Inquiry is the heartbeat of dialogue. A monologue answers, while a dialogue asks. A monologue is as narrow as the mind, but a dialogue reaches as far as infinity, or the square root of two.
Socrates guides Meno to a state of utter bewilderment, where everything is a question waiting to be answered. Meno's mind is laid open to dialogue only when he acknowledges his ignorance. He ceases to answer and begins to question. The recognition of ignorance is the starting point of all dialogues, because unless there is ignorance, there is no need for inquiry. One must know one does not know, to inquire into that which is unknown.
Meno humbly asks, "How will you enquire, Socrates, into that which you do
not know? What will you put forth as the subject of enquiry? And
if you find what you want, how will you ever know that this is the
thing which you did not know?" That is, how do we know what we do not know unless we already know it? But if we already know it, then why do we ask?
This is Meno's paradox, termed so by my mother and I. As with all paradoxes, its solution is a mystery. It points to God, that Creator from whom we often feel so distant, yet Whose presence is made manifest in all that we do and think.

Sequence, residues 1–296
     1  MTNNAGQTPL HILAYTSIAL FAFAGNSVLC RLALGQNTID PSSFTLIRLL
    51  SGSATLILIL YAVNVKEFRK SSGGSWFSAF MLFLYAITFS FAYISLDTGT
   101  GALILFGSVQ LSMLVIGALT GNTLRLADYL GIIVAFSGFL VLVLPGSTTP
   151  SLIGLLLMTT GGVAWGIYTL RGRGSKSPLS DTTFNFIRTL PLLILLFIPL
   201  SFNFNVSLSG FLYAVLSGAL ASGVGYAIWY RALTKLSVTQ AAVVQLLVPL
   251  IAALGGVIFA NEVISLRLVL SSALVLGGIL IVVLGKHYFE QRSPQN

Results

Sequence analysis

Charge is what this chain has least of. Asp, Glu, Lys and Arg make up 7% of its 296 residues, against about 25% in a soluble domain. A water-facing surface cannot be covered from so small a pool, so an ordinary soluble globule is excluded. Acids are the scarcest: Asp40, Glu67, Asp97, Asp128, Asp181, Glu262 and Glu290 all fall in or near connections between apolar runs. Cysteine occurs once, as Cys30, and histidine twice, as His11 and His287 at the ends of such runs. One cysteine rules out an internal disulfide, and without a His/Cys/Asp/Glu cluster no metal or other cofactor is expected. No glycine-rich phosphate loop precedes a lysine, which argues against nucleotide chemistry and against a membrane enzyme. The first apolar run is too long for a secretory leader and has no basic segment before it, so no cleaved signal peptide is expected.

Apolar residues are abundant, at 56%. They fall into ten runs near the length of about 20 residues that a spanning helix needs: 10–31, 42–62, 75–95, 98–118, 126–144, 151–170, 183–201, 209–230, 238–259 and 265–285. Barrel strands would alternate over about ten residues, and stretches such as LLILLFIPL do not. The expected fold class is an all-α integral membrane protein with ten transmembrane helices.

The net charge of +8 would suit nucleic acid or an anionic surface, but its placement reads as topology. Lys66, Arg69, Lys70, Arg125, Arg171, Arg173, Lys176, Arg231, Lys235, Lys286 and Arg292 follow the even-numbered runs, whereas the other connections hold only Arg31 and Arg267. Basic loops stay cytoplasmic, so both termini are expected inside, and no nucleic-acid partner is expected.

Above all, our intellectual inquiry points directly to God. Our doubt in God, our sense that He is absent from our lives, is the experience of a mind created "in the image of God." (Gen 1:27) In doubting, we ask, in asking we already intuit the answer. According to Socrates, we cannot question God unless our minds are created to know what we doubt.
Jeremiah prophesies, "You will seek Me and find Me when you search for Me with all your heart." (29:13) Is it the answer that ends the search, or is the search in itself the answer? Even in doubting, man knows the truth. He must only ask to enter a dialogue which is itself an encounter with the truth.
The dialogue we are all called to is prayer. Prayer is a dialogue with the Truth that leads us to an encounter with that Truth. God converses with our ignorance, guiding us out from the narrow confines of our finite answers to an infinite inquiry into the infinite Mystery. Through the dialogue of prayer, we come to see the world, not as we thought it, but as it truly is. Inquiry begets the knowledge of truth, and the truth is the reality which far exceeds our dreams.
My mother and I are leading a class for some homeschoolers on the great works of the ancient Greeks. This post contains my after-class musings. The infinite incomprehensibility of the square root of two was a major theme of todays discussion.